Shuey shared segments of the program from the Washington Band’s 100th anniversary concert in 1956, which she attended. Carmany served as guest conductor and led the band in five selections, including the first he ever conducted, “The American Eagle March,” by George Cooper. A crowd of 2,000 attended, she said.
“Back in the day, that was the big entertainment in summertime — the band would go to all these different picnic areas and they would have these big concerts,” she said. “I remember being there (at the 100th anniversary concert) and I have the tape of it and the booklet.”
The program notes that Carmany “struggled with a group of young and inexperienced players until he developed a band of more than forty musicians” and added, “we owe him a debt of real gratitude for his courage, patience, and untiring efforts in training this band.”
Carmany died in 1964 at age 80.
“He was buried in his band uniform with his clarinet,” she said. “I remember that.”
Shuey, her sister, and her cousin will attend Sunday’s concert, as will one of Carmany’s former students, who became a gifted musician in his own right.
Col. Jere W. Fridy, a conductor for the Virginia Grand Military Band, played in the Washington Band as an 11-year-old under Carmany’s direction; he also took lessons from Carmany, Shuey said. Fridy was president of the Penn State Blue Band when he attended the university. He served as solo cornetist with the 553rd Air Force Band and later became commander of that band.
Fridy — whom Shuey considers her grandfather’s “star pupil” — spoke to her recently about Carmany. Fridy’s cousin and Shuey’s cousin are friends, which is how the two connected.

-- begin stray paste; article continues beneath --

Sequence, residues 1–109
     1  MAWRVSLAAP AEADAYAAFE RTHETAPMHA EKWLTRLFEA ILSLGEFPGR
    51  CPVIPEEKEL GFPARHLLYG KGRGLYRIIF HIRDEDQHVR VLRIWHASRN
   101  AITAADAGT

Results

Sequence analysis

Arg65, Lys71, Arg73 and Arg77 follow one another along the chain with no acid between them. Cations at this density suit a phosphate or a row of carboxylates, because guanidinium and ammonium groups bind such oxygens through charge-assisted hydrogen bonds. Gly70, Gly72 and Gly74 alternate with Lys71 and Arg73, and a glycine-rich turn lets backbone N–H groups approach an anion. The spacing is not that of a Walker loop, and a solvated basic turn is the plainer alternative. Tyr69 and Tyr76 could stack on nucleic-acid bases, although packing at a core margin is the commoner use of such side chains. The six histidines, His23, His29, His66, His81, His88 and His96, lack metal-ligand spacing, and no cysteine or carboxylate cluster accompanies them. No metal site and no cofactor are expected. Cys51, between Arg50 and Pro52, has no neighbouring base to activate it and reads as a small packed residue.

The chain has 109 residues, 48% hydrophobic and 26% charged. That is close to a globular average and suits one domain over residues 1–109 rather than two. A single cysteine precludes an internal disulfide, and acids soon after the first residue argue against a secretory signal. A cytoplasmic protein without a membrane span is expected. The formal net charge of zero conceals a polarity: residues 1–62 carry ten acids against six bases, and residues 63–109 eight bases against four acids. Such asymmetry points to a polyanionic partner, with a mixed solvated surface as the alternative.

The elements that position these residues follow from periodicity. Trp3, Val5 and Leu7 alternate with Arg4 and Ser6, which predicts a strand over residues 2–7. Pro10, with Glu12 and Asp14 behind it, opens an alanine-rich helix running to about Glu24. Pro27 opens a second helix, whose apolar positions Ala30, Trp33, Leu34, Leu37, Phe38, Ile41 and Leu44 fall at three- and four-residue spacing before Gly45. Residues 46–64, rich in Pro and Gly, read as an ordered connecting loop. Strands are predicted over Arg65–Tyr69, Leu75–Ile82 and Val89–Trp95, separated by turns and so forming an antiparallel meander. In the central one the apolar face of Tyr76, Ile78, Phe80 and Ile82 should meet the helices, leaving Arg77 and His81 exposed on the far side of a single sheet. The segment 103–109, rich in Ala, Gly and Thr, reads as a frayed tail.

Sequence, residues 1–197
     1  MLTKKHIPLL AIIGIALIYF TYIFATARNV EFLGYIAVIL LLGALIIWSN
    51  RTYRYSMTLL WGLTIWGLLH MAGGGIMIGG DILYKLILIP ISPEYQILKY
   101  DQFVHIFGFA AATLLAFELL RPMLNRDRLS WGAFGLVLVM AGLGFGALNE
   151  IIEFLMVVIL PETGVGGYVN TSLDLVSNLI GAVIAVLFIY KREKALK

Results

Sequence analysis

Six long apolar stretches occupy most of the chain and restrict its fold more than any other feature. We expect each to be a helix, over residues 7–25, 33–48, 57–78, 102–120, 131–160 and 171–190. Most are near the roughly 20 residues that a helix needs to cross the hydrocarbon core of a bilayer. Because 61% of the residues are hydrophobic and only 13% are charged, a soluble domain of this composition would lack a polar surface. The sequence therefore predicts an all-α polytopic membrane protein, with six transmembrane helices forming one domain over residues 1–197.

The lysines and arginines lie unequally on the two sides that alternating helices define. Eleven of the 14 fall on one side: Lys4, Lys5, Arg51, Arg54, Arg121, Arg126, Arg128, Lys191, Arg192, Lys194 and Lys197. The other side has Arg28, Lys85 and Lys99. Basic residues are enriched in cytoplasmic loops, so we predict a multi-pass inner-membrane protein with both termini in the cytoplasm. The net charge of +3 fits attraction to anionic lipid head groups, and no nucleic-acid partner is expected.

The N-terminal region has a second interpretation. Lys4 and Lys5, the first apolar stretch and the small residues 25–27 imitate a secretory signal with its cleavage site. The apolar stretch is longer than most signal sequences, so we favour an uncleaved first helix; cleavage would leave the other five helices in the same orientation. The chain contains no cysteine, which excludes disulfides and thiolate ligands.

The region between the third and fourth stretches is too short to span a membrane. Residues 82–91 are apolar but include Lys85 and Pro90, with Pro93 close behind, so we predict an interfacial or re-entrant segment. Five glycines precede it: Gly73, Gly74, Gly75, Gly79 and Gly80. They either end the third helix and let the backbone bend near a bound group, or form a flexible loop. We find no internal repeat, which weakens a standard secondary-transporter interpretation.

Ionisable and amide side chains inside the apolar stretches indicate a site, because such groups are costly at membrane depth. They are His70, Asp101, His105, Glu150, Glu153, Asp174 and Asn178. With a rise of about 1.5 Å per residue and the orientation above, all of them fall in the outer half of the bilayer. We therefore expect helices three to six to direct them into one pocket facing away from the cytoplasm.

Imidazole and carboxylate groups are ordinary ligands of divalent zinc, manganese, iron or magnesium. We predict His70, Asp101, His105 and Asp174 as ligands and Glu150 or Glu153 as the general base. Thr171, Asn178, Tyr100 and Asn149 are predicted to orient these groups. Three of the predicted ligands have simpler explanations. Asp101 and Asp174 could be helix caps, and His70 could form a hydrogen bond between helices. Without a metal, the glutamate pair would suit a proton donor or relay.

“When he found out about (the concert), he was very excited to share,” Shuey said.
He told her Carmany took the Washington Band back to Loysville after he became the conductor and gave concerts at the orphanage.
“He feels (Carmany) is the reason the Washington Band exists to this day, because he was such a great influence on local musicians,” she said. “He also said (Carmany) was the greatest music educator he ever knew. He spoke very highly of him.”
At least two past members of the Washington Band are also in the Hall of Fame, Tim Erdman and Stan Mark, according to Yeagley, and there may be others.
The Washington Band, made up of 42 musicians, performs a variety of music — marches, patriotic songs, movie and Broadway music, polkas, and classical transcriptions for band, to name a few — and prepares about 35 pieces for performance at concerts each year. They had 16 performances on this year’s schedule.
For the Carmany concert, all the music will be from the early 1900s, Yeagley said.
“In fact, several of the pieces were probably purchased and first performed under Carmany’s leadership,” he said. “The main piece is a 1910 band arrangement of the orchestra overture ‘Poet and Peasant’ (by Austrian composer Franz von Suppe). There will be several other lighter numbers, and of course, marches.”
Those will Include what Shuey called Carmany’s favorite march, John Philip Sousa’s “The Stars and Stripes Forever.”
With the Hall of Fame honor and concert, Carmany’s personal motto really rings true.
“He always said, ‘Men may come and men may go, but I’ll go on forever,’” Shuey said. “And in a way, he has.”